Teddy Roosevelt talked about taking the remaining Indian lands by war. He said, “It is a primeval warfare and it is waged as war was waged in the ages of bronze and of iron. All the merciful humanity that even war has gained during the last two thousand years is lost. It is a warfare where no pity is shown to non-combatants.”
Abraham Lincoln gave the go-ahead to the U. S. Army to hang 38 Dakota warriors in Minnesota in the largest mass hanging in the history of America. Thomas Jefferson, a slave owner, signed on to the Louisiana Purchase, a deal that took millions of acres of land from many Indian tribes without their approval, including South Dakota, and in the end, caused misery, suffering, death and poverty that is felt by the Native Americans of this region even to this day. And we should not forget that the man known as the father of this country (at least to the white people), George Washington, ordered the extermination of the Indian people of New England. He was also a slave holder.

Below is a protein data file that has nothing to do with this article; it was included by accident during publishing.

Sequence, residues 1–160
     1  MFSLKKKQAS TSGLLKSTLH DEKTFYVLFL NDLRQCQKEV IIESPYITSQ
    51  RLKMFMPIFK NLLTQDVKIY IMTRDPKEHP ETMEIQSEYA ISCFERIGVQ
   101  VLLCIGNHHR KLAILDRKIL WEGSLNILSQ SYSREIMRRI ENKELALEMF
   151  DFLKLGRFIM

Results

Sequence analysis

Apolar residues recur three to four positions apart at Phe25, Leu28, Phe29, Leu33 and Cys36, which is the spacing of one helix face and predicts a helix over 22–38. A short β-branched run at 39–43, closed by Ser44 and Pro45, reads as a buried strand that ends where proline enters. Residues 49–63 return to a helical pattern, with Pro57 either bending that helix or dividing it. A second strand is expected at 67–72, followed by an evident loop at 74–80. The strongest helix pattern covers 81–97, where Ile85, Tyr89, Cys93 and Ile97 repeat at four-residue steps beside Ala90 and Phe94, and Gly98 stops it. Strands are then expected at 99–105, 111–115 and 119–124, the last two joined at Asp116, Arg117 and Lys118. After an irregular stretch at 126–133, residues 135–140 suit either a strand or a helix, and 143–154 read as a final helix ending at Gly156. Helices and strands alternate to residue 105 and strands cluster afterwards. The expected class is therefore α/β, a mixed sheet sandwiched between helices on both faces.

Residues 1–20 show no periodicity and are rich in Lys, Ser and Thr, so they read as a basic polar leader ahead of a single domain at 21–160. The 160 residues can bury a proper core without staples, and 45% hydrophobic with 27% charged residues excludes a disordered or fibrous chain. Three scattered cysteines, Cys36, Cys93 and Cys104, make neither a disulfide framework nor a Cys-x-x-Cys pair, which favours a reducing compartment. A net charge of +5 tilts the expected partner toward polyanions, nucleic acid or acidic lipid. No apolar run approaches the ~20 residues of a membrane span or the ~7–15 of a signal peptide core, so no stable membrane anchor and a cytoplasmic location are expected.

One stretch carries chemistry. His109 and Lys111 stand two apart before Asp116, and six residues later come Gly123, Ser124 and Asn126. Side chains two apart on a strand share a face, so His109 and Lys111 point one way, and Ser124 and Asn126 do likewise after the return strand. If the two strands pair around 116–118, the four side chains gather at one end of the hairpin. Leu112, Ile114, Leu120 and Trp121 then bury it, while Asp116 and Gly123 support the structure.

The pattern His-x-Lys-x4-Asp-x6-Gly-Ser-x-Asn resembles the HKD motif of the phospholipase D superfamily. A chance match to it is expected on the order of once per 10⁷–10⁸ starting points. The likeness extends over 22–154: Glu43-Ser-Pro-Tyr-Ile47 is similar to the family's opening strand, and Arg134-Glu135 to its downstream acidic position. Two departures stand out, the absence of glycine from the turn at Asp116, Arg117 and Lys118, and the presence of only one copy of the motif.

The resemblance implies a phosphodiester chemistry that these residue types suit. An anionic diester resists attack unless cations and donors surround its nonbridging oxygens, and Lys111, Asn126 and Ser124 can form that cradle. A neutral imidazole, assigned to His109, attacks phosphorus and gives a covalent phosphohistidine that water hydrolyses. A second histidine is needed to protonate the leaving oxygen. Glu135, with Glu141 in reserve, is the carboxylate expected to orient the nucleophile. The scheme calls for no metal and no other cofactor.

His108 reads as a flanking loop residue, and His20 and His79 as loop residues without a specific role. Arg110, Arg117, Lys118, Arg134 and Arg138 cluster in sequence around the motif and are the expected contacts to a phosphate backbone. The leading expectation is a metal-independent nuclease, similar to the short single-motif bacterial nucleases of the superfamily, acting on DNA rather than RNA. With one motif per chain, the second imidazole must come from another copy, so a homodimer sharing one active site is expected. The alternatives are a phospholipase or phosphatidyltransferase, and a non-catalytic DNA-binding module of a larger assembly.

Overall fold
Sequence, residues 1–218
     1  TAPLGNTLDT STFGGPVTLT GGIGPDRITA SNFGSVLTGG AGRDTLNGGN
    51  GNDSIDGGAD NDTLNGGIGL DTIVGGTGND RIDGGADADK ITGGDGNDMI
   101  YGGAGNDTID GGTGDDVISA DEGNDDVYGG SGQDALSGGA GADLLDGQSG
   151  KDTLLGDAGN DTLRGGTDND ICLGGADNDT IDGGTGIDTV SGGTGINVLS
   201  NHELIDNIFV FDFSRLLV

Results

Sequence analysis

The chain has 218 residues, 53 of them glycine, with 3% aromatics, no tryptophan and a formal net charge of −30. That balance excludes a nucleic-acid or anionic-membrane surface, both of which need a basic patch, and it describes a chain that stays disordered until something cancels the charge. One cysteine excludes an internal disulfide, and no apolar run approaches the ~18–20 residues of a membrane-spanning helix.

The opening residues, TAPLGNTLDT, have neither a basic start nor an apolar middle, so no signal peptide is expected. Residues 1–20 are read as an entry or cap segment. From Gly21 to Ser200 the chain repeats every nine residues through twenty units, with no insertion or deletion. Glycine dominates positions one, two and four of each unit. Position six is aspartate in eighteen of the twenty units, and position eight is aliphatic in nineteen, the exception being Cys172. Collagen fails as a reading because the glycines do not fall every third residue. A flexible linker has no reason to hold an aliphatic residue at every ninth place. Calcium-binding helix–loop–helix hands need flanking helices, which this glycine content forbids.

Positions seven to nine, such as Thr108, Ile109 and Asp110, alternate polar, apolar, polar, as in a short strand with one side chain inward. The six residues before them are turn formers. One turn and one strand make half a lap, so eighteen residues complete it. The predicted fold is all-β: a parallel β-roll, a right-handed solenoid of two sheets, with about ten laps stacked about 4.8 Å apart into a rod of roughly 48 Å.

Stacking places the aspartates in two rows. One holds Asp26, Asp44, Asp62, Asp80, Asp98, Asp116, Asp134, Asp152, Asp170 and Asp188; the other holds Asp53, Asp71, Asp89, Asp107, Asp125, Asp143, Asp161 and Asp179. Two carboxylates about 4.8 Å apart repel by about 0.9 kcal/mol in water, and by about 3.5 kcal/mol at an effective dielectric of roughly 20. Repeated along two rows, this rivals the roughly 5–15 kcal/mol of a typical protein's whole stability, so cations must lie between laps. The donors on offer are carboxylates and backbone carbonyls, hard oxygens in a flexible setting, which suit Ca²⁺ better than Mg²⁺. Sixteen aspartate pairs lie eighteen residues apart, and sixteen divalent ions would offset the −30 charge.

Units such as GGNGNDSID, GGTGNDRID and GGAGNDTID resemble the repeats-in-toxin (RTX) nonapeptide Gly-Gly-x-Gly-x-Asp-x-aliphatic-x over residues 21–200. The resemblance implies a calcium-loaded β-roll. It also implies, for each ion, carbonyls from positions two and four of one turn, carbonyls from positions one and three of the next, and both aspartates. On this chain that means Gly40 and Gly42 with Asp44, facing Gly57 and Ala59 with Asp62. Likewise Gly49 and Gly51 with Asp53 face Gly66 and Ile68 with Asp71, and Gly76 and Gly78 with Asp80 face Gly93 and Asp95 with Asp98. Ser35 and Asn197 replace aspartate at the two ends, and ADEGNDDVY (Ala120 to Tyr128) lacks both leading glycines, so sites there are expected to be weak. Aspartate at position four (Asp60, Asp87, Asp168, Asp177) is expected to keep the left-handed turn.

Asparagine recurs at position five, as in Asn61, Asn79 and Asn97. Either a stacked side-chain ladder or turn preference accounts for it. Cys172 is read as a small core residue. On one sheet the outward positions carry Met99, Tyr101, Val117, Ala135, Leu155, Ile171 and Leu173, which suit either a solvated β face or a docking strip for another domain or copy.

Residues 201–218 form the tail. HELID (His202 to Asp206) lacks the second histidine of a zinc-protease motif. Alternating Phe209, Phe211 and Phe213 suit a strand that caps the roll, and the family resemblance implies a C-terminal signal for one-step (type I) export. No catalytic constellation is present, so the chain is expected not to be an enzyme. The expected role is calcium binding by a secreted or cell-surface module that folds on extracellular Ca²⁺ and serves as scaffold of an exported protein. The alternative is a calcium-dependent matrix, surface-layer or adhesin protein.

Native American activist Russell Means has labeled Mount Rushmore, The Shrine of Hypocrisy. In this instance he speaks for many Native Americans. You must also remember that Native Americans had a history long before the coming of the white man. Most Indians do not consider the signors of the Declaration of Independence to be their “Founding Fathers.”
The only way the Crazy Horse memorial could get built is the way it's been done: in the middle of nowhere with private financing. Americans would howl in protest if the government tried to honor Sitting Bull or Geronimo with an Indian monument near the Washington Monument or the Lincoln Memorial.
For more on the subject, see Best Indian Monuments to Topple.